A comprehensive survey of a rapidly expanding field of combinatorial optimization, mathematically oriented but offering biological explanations when required.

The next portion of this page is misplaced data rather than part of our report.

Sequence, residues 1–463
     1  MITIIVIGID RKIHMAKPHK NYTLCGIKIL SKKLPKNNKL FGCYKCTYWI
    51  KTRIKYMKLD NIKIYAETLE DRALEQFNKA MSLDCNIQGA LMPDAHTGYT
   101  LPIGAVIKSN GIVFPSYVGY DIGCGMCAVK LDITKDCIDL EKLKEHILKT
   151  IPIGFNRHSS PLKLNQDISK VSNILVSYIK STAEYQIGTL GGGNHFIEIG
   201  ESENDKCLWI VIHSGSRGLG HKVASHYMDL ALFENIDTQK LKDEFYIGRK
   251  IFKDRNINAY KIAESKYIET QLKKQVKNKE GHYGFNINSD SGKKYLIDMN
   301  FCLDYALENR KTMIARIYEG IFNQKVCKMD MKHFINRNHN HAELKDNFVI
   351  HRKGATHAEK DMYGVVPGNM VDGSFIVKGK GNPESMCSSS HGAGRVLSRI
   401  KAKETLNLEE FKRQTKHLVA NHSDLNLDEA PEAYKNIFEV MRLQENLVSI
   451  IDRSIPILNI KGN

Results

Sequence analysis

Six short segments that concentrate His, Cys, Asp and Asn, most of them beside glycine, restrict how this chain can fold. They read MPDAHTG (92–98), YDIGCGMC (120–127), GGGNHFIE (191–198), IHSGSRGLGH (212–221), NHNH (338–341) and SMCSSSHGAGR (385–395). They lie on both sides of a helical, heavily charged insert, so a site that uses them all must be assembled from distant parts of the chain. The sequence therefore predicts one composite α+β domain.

From one cell to another, from one individual to another, and from one species to another, the content of DNA molecules is often similar. The organization of these molecules, however, differs dramatically, and the mutations that affect this organization are known as genome rearrangements. Combinatorial methods are used to reconstruct putative rearrangement scenarios in order to explain the evolutionary history of a set of species, often formalizing the evolutionary events that can explain the multiple combinations of observed genomes as combinatorial optimization problems. This book offers the first comprehensive survey of this rapidly expanding application of combinatorial optimization. It can be used as a reference for experienced researchers or as an introductory text for a broader audience. Genome rearrangement problems have proved so interesting from a combinatorial point of view that the field now belongs as much to mathematics as to biology. This book takes a mathematically oriented approach, but provides biological background when necessary. It presents a series of models, beginning with the simplest (which is progressively extended by dropping restrictions), each constructing a genome rearrangement problem. The book also discusses an important generalization of the basic problem known as the median problem, surveys attempts to reconstruct the relationships between genomes with phylogenetic trees, and offers a collection of summaries and appendixes with useful additional information.